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Spurring new discussion on the crucial — and crucially overlooked — role of the observer in physical systems, from quarks to the cosmos.

The classic double-slit experiment of quantum mechanics. Credit: Alexandre Gondran

Since the development of quantum mechanics, the role of the observer has taken on an important role in modern physics. One cannot observe a quantum-mechanical system without fundamentally changing it, collapsing both-and systems (light existing as a particle and a wave) into either-or. But what does it mean to be an observer? To what extent do we live, in the words of theoretical physicist J.A. Wheeler, “in a participatory universe” where what is depends on what has been observed?

One of the hallmarks of the western scientific tradition has been the quest for objective observations of and explanations for natural processes. If a scientific observer by definition alters or even creates aspects of what she observes, that notion of objectivity can begin to crumble. It’s a thorny problem, one that has rendered many physicists so uncomfortable they have gone out of their way to sidestep the problem of the observer.

“People thought that by brushing the observer under the rug they were being more rigorous,” says University of California, Santa Cruz, physicist Anthony Aguirre. “But in some cases it really does matter what the observer is, how you think about it, to what degree you include it in the system you’re talking about.”

Aguirre is the associate scientific director of the Foundational Questions Institute (FQXi), an organization dedicated to bringing physicists and other researchers together. FQXi tackles the sort of big questions that are important to science but not easily addressed because of the way academic science often operates.

“There are a number of deep, important, fundamental questions that a lot of researchers were passionate about when they first got into physics,” Aguirre says. “As many physicists go on in their careers, they study smaller ones, and you get rewarded for asking much more incremental and practical questions. Often the really big questions, the fundamental ones, get sidelined.”


FQXi and its community of scientists are midway through a multi-year project to advance the conversation in the scientific community on the nature of the observer in physics. The funds are going to a mix of large grants, smaller papers, and an international conference to gather interested researchers across multiple disciplines to discuss new theories of what constitutes an observer and what implications that can have for the state of science and the nature of reality itself.

Aguirre and FQXi want to bring discussion and speculation as to the nature of the observer back into the scientific mainstream. He draws a parallel to the idea of a multiverse, which 15 years ago was viewed as unfounded speculation but is now has a place in mainstream theoretical discussions.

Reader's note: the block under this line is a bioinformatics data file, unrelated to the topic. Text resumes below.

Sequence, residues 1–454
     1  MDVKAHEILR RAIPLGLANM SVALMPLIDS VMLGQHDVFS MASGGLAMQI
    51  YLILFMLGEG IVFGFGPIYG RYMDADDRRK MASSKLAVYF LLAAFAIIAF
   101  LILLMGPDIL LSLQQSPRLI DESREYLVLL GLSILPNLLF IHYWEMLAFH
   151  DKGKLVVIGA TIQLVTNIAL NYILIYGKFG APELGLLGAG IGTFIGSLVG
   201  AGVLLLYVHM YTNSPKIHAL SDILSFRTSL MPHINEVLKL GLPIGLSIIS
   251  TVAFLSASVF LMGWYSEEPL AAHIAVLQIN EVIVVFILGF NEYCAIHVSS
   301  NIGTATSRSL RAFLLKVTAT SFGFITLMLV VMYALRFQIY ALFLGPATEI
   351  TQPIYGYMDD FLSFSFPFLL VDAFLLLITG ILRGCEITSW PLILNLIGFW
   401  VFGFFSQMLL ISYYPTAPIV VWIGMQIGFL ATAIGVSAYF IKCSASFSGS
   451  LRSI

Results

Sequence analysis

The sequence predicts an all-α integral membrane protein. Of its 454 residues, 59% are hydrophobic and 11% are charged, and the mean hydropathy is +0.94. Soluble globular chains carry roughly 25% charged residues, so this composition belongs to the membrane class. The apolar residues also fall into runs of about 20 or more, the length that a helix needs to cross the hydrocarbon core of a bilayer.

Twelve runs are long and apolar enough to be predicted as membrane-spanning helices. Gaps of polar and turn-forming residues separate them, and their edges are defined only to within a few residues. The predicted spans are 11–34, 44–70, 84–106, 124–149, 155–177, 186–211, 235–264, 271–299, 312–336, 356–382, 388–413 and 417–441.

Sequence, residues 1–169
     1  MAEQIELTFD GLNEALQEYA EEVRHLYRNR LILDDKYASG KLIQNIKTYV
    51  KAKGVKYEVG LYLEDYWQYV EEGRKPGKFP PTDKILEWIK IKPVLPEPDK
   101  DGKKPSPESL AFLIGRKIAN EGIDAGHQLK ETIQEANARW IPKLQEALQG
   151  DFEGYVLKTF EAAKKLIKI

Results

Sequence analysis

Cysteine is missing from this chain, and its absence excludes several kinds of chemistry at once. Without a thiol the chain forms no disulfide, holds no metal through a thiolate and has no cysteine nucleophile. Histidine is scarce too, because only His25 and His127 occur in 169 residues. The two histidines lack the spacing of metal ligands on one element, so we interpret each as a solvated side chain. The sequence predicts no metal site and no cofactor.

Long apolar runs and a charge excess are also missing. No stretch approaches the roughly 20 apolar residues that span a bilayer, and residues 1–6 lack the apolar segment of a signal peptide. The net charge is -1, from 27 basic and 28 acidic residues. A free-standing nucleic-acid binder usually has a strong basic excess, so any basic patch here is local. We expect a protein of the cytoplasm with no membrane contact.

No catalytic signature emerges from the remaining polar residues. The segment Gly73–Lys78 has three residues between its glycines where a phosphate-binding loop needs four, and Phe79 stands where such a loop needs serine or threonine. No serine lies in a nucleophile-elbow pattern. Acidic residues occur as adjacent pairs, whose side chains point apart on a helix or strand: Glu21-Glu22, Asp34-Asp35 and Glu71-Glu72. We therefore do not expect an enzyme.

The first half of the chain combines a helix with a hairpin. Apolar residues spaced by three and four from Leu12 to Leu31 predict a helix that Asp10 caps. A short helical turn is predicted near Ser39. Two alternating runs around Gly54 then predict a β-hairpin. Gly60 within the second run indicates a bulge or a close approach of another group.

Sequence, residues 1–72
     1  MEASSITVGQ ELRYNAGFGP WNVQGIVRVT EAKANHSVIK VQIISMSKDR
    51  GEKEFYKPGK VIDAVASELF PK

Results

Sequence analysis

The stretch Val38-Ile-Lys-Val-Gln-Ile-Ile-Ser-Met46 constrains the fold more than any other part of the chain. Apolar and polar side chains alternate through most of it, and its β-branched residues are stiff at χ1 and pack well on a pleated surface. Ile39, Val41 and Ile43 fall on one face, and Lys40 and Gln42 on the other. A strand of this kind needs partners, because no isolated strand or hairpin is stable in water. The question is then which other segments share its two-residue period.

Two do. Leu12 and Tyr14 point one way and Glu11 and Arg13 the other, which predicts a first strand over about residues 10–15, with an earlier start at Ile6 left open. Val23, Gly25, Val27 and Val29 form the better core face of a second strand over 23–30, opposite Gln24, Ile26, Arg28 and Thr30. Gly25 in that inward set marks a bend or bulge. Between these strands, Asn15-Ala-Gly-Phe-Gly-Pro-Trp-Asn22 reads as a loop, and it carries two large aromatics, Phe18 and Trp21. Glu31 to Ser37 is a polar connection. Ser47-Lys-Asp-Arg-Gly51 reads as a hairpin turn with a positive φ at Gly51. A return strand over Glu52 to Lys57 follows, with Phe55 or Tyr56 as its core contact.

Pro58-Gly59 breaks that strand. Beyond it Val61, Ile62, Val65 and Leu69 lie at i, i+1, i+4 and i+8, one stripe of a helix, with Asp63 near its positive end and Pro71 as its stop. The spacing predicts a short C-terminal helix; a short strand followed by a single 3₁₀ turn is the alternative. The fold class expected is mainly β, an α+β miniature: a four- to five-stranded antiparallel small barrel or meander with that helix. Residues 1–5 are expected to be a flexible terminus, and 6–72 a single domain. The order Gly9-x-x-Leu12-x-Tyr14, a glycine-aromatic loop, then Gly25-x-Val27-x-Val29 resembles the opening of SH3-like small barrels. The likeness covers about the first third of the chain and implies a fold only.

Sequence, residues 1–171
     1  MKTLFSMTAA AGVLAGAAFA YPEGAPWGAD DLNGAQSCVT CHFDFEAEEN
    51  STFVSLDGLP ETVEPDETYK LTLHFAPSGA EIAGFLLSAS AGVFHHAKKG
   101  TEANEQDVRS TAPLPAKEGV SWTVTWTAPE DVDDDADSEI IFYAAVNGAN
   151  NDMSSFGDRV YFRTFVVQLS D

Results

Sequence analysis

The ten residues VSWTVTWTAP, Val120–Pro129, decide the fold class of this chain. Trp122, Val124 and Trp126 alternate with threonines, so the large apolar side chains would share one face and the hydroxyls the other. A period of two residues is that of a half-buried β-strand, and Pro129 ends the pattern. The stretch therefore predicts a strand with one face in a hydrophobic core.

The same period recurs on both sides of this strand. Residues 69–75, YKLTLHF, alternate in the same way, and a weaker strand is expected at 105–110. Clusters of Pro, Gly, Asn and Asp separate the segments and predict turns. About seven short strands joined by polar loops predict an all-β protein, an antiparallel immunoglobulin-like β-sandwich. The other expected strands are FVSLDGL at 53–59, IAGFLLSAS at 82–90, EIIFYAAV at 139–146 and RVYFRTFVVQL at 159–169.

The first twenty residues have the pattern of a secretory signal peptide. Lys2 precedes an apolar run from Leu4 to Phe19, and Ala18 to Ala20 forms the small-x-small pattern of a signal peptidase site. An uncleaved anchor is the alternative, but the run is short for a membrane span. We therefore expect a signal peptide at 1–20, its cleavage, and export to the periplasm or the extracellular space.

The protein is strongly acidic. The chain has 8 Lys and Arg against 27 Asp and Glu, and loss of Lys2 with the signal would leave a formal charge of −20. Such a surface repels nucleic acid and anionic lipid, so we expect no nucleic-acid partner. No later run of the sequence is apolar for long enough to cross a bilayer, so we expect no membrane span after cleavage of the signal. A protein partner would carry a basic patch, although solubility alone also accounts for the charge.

One of the FQXi’s large grant recipients is Markus Mueller of the University of Western Ontario. Mueller aims to use findings from theoretical computer science to demonstrate that what we call objective reality is only an approximation based on something more fundamental: observations and observers. Mueller’s work is exemplary, Aguirre says, in part because it manages to be surprising and radical while maintaining rigorous mathematical underpinnings. “It may never go anywhere,” Aguirre admits, “but it’s really cool and interesting to read” — and at this stage of the field, that kind of provocation is worthwhile in its own right.

Another grant, to UMass Boston’s Christopher Fuchs and Oxford’s Christopher Timpson, is striving to make philosophical sense of the implications of so-called participatory realism. What does it mean to live in a universe that may exclude the possibility of a third-person account of everything? How can the working terms be dissected, classified and connected?

Aside from its philosophical tangles, the notion and nature of the observer can have profound cultural resonances. Chanda Prescod-Weinstein of the University of Washington’s FQXi grant is exploring whether there are ways for astronomers and physicists to expand beyond the European Enlightenment framework in which the problem of the observer is often framed. Do scientists who themselves come from diverse backgrounds have insights into the nature of observation and the interplay between subjective and objective realities?


FQXi exists not just to support individual researchers in their big-question-related passion projects but to build a broader community of researchers interacting around foundational questions.

“Every one of the meetings we’ve had have brought in new and interesting people, often from different disciplines that have a huge amount to talk about,” Aguirre says. “The energy and fun of having all these really interesting people in one place. It’s just one fascinating conversation after another for days and days and days.”